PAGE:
In 2005, director Cristi Puiu released The Death of Mr. Lazarescu. The black comedy won a number of high end awards from festivals all over the globe and is now regarded as one of the finest cinematic achievements of recent years. It took him five years to make another film, which came in the shape of Aurora. Although it doesn’t quite have the same comedic or human elements as its predecessor, it is still a fine addition to the Romanian New Wave.
Aurora is the story of Viorel, an everyday, ordinary man played by Puiu himself. As a middle aged, divorced father of two, Viorel finds himself at a cross roads in his life. Uncomfortable at work, lonely at home, Viorel is a detached and paranoid individual. Whether he is discussing a leak with his neighbours or simply shopping, he never quite fits in or adapts to modern life. There is essentially a void and he takes extreme measure to fill it.
A co-worker at the metallurgical factory prepares for him two firing pins for a hunting rifle, which Viorel buys later in the film. Throughout the film we see him carefully stalking several individuals. Their significance isn’t wholly obvious but they come to play a significant part in Viorel’s life. Slowly but surely our protagonist’s life unravels at a startling rate. He’s not Michael Douglas in Falling Down but his descent is equally dramatic.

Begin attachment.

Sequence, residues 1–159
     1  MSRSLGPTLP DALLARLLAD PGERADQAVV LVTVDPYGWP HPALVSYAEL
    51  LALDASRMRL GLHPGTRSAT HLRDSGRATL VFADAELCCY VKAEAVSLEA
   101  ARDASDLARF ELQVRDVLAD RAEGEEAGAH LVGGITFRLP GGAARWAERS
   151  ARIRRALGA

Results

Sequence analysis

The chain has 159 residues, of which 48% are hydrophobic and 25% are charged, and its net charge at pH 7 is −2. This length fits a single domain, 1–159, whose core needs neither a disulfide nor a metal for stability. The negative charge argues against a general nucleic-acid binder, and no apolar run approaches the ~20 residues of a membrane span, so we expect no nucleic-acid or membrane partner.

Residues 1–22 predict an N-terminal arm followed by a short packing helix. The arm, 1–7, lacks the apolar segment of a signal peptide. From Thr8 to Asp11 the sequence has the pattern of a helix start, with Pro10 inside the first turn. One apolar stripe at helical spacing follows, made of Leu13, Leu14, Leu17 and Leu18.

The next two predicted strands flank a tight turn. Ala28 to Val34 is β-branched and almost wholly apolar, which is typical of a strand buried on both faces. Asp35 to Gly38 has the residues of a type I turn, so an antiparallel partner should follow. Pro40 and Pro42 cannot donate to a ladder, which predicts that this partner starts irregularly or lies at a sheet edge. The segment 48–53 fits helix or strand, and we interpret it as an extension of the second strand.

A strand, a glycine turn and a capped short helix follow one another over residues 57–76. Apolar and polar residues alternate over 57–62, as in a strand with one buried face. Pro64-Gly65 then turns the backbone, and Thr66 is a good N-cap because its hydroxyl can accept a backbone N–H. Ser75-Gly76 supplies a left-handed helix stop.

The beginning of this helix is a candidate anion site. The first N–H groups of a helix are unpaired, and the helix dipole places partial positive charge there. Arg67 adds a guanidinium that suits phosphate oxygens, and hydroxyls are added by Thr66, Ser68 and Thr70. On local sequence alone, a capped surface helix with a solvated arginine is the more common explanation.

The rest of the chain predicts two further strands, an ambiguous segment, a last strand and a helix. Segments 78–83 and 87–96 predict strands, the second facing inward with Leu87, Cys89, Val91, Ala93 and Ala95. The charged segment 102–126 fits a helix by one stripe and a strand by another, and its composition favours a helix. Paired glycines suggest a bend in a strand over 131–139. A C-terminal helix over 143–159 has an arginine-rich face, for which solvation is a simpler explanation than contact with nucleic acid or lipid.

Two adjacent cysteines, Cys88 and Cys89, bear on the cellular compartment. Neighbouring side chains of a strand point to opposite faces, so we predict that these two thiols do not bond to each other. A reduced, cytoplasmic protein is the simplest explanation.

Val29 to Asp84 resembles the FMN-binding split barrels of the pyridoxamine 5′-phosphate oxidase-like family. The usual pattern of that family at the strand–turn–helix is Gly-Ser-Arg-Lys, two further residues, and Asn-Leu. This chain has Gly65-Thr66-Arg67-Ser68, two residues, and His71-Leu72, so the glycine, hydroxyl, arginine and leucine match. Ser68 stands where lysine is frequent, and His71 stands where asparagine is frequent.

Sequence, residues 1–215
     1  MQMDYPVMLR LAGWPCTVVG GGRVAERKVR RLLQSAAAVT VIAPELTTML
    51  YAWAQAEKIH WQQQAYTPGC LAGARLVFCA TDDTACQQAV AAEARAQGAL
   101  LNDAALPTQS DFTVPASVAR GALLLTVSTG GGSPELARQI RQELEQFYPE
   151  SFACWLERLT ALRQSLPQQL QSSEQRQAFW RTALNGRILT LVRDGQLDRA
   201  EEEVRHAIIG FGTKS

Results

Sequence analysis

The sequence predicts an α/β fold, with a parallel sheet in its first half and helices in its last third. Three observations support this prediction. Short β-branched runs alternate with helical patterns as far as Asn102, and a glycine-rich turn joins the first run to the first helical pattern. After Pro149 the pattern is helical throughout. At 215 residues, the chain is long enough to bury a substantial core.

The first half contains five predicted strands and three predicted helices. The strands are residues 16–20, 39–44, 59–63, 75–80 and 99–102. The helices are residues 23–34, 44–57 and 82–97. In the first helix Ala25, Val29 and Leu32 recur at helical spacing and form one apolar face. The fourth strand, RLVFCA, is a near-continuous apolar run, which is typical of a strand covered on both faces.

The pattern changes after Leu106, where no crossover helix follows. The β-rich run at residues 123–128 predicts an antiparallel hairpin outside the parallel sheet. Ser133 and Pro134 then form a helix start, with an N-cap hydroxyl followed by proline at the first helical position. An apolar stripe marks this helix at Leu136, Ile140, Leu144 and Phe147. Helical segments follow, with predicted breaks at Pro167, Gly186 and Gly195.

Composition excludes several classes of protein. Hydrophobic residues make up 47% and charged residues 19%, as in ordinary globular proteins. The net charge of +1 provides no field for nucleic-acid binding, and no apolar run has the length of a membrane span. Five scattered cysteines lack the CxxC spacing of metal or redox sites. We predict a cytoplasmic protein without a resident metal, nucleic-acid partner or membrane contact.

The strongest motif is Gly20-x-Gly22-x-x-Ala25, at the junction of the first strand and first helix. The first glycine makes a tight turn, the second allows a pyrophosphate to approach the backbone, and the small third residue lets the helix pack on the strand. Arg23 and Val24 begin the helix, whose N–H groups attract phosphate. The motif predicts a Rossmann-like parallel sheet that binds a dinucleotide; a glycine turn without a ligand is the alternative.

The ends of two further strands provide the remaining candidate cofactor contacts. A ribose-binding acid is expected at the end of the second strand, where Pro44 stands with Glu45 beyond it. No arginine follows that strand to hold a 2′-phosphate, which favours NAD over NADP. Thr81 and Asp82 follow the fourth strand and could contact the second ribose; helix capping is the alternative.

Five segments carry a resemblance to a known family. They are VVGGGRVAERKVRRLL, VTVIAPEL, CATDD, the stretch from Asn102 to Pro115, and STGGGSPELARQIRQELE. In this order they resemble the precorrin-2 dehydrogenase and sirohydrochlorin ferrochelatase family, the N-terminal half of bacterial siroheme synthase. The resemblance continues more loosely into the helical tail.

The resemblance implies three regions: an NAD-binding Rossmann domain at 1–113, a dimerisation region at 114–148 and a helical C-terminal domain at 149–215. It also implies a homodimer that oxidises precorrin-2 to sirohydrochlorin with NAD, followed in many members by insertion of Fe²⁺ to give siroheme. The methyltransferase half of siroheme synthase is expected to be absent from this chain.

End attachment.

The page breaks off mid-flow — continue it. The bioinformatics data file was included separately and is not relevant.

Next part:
At three hours long, Aurora does test your patience. However its structure and compelling narrative allows viewers to really contemplate the characters motifs in the more somber scenes. Puiu demonstrates a key understanding of when and when not to unleash a series of images and ideas onto his audience. It is incredibly slow in places and there isn’t too much dialogue to work with but it is worth sticking with the film to marvel at the director’s use of tension to create an entirely anxious experience.
Aurora isn’t all doom and gloom. There are some scenes that could have come straight from a Hollywood thriller. There are odd bits of comedy which are played out by the other people Viorel encounters. Viorel’s stoic personality creates awkward situations with whomever he meets and, whilst each of these moments usually end in different circumstances, some provide some light relief. Others though do leave you questioning the characters moral fibre and the film is constantly toiling with that unsettled mind set.
It is worth bearing in mind that this is a three hour Romanian film. It is slow and inundated with lengthy takes that can go on for a number of minutes. Cold and chilling but with odd sparks of humour, Aurora is an example of a director showing us his many skills and ambitions. Its length may not suit everyone, but for those willing to endure its many paths, the rewards are deeply satisfying. Along with films like Beyond the Hills, Police, Adjective and 4 Months, 3 Weeks And 2 Days, Aurora is another example of why Romania might just be the most exciting film nation in the world right now.